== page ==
Probing Quantifier Comprehension in Large Language Models

by   Akshat Gupta, et al.
J.P. Morgan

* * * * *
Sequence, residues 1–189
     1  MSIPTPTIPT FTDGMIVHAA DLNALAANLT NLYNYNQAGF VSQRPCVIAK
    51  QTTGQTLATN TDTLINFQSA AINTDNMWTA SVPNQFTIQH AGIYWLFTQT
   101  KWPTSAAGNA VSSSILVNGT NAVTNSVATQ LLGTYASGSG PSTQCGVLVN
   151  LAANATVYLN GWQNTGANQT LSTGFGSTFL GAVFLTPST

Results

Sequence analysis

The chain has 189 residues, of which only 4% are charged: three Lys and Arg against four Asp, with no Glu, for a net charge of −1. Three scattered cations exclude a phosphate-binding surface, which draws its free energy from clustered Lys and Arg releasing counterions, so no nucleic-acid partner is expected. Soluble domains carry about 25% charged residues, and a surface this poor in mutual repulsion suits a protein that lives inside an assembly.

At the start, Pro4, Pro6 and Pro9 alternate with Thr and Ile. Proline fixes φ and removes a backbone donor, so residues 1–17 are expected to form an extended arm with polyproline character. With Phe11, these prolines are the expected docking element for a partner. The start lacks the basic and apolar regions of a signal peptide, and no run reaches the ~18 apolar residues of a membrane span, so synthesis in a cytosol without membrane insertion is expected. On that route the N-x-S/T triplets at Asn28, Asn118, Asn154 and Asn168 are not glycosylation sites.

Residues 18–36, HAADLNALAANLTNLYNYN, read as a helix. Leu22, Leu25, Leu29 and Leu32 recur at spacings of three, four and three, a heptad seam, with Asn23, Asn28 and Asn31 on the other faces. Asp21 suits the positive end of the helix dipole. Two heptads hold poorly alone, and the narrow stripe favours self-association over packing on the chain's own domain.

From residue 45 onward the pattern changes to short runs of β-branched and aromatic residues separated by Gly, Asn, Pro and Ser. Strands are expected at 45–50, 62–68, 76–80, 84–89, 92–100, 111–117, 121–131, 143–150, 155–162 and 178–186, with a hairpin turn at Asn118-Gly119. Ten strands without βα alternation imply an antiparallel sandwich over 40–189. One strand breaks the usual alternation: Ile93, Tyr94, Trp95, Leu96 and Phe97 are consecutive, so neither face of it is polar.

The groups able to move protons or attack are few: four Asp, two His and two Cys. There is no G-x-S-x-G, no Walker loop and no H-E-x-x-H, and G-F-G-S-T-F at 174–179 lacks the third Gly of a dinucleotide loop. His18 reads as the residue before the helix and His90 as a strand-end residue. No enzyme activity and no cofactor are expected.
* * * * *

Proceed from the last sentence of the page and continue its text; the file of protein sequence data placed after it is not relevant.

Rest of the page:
With their increasing size, Large language models (LLMs) are becoming increasingly good at language understanding tasks. But even with high performance on specific downstream task, LLMs fail at simple linguistic tests for negation or quantifier understanding. Previous work on testing capability of LLMs on understanding quantifiers suggest that as the size of the models increase, they get better at understanding most-type quantifiers but get increasingly worse at understanding few-type quantifiers, thus presenting a case of an inverse-scaling law. In this paper, we question the claims of inverse scaling of few-type quantifier understanding in LLMs and show that it is a result of inappropriate testing methodology. We also present alternate methods to measure quantifier comprehension in LLMs and show that as the size of the models increase, these behaviours are different from what is shown in previous research. LLMs are consistently able to understand the difference between the meaning of few-type and most-type quantifiers, but when a quantifier is added to phrase, LLMs do not always take into account the meaning of the quantifier. We in fact see an inverse scaling law for most-type quantifiers, which is contrary to human psycho-linguistic experiments and previous work, where the model's understanding of most-type quantifier gets worse as the model size increases. We do this evaluation on models ranging from 125M-175B parameters, which suggests that LLMs do not do as well as expected with quantifiers and statistical co-occurrence of words still takes precedence over word meaning.


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